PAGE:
Few things herald the Easter Season in Guyana quite like kites… or so I’ve heard from my Guyanese friends over the years.
On more than a few occasions they’ve told me of the grand spectacle that is the throngs of kite-flying enthusiasts lining the waterfront in Georgetown, their fleet of aerial artforms adding a kaleidoscope of bright colors to the sky. A Carnival-like atmosphere envelopes the entire scene, they say, making this one of the Caribbean’s more uniquely uncommon cultural events.
The joy of Easter Season kite flying in Guyana isn’t solely reserved for the crowds with their fancy kites, though. Even the humblest of local youths get in on the action with their own homemade high-fliers, like the one pictured above.
Known as a Caddy Old Punch or Caddy-Ole-Punch, these simple kites are made from readily available materials – paper, string, palm fronds some old cloth. They’re not as easy to produce as their simple list of materials might suggest, however.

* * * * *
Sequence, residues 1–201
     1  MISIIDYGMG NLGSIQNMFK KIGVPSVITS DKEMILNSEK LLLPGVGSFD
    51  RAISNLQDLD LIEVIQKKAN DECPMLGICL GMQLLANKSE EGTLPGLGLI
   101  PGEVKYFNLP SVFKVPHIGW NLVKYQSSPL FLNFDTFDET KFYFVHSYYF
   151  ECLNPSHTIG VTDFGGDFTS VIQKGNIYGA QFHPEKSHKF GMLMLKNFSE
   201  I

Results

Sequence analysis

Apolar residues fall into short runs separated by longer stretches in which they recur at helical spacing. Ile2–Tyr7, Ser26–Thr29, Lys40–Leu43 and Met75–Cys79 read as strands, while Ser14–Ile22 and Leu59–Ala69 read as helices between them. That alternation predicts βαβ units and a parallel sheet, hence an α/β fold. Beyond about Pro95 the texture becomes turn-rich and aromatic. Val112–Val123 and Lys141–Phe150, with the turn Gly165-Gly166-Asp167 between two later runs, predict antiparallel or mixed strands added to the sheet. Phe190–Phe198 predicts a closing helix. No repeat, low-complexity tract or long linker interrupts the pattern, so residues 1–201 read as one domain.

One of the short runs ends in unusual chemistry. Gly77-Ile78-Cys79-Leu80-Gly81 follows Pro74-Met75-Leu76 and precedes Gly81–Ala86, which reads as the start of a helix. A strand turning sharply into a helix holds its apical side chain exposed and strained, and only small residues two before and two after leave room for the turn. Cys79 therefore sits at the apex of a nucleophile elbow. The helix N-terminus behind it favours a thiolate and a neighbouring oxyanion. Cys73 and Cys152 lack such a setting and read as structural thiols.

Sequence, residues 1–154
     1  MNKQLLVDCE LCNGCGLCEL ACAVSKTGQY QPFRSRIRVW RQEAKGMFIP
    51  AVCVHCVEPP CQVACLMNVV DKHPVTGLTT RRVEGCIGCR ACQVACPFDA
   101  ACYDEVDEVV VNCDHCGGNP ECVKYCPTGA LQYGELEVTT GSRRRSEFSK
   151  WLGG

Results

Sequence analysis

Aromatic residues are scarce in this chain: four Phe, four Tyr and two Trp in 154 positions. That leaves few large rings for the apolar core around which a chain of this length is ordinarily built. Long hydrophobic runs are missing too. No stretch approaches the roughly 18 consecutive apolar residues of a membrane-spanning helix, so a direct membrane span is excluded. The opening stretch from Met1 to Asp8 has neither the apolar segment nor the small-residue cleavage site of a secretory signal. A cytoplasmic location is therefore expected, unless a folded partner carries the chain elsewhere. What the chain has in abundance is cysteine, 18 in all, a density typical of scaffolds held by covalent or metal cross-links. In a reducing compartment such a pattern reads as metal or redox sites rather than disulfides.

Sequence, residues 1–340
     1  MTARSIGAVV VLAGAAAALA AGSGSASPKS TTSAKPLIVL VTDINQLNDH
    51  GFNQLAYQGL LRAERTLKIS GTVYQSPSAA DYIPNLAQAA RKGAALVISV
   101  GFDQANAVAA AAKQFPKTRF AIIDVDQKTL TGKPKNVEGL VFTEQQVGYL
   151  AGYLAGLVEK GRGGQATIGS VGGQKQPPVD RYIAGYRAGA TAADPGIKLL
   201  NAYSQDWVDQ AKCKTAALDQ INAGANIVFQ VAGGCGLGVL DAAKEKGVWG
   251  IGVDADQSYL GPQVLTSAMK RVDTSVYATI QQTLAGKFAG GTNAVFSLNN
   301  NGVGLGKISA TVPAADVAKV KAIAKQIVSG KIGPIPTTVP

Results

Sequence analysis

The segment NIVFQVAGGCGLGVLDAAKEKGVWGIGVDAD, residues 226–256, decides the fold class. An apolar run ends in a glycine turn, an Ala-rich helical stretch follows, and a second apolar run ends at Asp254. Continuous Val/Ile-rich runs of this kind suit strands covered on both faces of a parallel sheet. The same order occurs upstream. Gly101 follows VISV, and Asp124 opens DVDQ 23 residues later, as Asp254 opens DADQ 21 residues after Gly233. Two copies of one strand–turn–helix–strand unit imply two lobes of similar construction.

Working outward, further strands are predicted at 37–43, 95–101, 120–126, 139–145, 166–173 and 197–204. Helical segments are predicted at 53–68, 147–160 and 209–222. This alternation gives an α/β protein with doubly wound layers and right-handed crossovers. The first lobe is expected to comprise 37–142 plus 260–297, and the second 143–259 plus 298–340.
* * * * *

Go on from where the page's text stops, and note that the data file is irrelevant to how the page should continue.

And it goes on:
Myself and two friends from Guyana stumbled through the process of crafting the Caddy Old Punch pictured above. Quickly realizing I was mostly in the way, I left the experts to the task.
In the end, our Caddy did not zig, much less soar above the clouds. Judging by the performance of the kite produced in this how-to instructional video, though, maybe we got it right after all…
Either way, it was still fun to bring a little flavor of the authentic Guyanese Easter experience to my backyard.
Easter Season kite flying and homemade kites aren’t unique to Guyana, of course. At least not in the Caribbean. If you have some tips and traditions to share let us know below or drop us a line here.